Peru at the Crossroads: Political Crisis, Human Rights Abuses, and What’s Next?

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picture of panelists Featured Photo: Martin Mejia / AP / RFI

Building on our December event “Peru’s Precarious Politics – The Crisis Deepens,” the Inter-American Dialogue hosted a follow-up panel discussion on Peru’s ongoing social and political crisis. Democratic backsliding, corruption, political instability, inequality, and discrimination have plagued Peruvian affairs for years. After welcoming remarks from the Peter D. Bell Rule of Law Program Director Tamara Taraciuk Broner, in a conversation moderated by Gustau Alegret, panelists shared an update of country conditions, addressed the underlying causes of today’s crisis, and put forward concrete recommendations to key actors, in Peru and abroad, to overcome Peru’s prolonged crisis.  

Alberto Vergara, associate professor of the Universidad del Pacífico, stated that democratic consensus in Peru is broken and, for years, leaders from across the ideological spectrum have undermined democracy in the country – the right when it challenged electoral results in 2021, and the left when Pedro Castillo carried out a coup in December 2022. The authoritarian path does not begin with President Boluarte. Her government is a continuation of authoritarian tendency, but it has seriously undermined the rule of law, democracy, and its relationship with society based on respect and dignity. Vergara highlighted that some protests against the government were violent but the response by security forces was unacceptable, with disproportionate use of force. The government’s response attacked representatives of society and it was tainted by racism.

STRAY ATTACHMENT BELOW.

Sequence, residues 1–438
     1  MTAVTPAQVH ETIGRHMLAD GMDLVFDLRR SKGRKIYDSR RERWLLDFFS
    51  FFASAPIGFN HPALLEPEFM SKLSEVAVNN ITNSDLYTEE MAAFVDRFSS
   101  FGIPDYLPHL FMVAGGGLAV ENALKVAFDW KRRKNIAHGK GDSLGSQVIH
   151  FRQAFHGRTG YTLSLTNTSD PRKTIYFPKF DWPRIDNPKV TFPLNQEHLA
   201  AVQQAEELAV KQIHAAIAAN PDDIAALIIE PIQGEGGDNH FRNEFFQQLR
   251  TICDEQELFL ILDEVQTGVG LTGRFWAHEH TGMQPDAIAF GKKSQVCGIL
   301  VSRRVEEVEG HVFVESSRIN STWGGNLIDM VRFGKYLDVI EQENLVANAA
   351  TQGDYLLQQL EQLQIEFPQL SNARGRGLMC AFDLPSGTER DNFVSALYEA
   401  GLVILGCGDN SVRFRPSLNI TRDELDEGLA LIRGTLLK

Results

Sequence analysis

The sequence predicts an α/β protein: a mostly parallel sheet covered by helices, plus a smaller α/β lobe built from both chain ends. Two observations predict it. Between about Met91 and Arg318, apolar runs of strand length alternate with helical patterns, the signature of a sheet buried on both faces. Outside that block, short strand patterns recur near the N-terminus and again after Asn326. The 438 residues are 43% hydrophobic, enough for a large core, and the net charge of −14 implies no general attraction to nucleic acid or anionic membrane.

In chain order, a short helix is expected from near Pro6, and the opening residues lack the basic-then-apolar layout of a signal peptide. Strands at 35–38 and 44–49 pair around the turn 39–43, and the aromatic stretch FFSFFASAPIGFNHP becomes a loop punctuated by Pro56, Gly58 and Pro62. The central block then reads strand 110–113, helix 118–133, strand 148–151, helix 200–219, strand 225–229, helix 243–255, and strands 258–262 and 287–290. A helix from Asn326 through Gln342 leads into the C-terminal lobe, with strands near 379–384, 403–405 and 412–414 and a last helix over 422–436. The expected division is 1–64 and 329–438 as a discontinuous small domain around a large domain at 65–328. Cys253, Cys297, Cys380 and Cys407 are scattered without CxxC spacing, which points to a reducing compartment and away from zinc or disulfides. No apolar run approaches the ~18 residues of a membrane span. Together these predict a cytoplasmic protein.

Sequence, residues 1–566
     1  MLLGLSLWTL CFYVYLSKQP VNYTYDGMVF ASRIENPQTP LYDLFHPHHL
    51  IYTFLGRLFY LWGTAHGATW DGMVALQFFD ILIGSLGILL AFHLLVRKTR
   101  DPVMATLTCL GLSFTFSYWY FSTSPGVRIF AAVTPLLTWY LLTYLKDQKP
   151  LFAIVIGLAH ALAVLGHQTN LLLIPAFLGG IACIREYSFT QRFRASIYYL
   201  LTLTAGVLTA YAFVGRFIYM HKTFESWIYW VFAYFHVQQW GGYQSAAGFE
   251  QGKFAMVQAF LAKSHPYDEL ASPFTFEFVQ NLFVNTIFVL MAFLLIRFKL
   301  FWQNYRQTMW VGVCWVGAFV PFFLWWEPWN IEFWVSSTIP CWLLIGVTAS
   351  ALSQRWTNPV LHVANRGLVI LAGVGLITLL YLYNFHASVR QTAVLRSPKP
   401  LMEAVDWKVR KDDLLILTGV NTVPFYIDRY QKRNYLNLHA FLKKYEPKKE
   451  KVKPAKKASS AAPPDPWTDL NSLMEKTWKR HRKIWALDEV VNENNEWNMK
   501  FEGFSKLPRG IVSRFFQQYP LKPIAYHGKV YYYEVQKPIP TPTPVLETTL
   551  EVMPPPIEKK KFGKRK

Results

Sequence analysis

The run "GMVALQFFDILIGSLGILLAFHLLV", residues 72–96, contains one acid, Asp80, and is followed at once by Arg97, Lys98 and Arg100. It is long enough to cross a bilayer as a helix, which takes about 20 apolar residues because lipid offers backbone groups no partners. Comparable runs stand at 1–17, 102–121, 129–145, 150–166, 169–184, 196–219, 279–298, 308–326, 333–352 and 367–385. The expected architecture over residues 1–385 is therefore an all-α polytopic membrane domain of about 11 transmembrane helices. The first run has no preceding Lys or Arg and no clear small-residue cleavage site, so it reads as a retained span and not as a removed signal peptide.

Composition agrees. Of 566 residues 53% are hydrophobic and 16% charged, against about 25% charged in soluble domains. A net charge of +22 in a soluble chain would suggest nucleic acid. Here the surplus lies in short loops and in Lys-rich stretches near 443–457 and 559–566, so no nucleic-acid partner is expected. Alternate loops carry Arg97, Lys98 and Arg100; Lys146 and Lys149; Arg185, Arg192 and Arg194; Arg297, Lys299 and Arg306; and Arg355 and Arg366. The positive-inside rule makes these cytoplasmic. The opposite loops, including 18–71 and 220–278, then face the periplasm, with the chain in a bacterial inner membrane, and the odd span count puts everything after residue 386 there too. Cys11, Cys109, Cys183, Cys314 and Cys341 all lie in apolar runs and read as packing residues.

Esmeralda Arosemena de Troitiño, first vice-president of the Inter-American Commission on Human Rights (IACHR), described findings of the IACHR’s recent report on Peru. She stated that the report found that 477 protests took place in the country during the period under investigation; 56 people had died, including eight adolescents and one police officer; and at least 912 people were injured. The protests were based on structural requests including the closure of Congress, calling for early elections, and inequality, among others. Response by security forces was not uniform nationwide. There were serious episodes of excessive use of force: she mentioned that serious human rights violations committed in Ayacucho could be considered massacres, and state agents used indiscriminate use of force in Juliaca.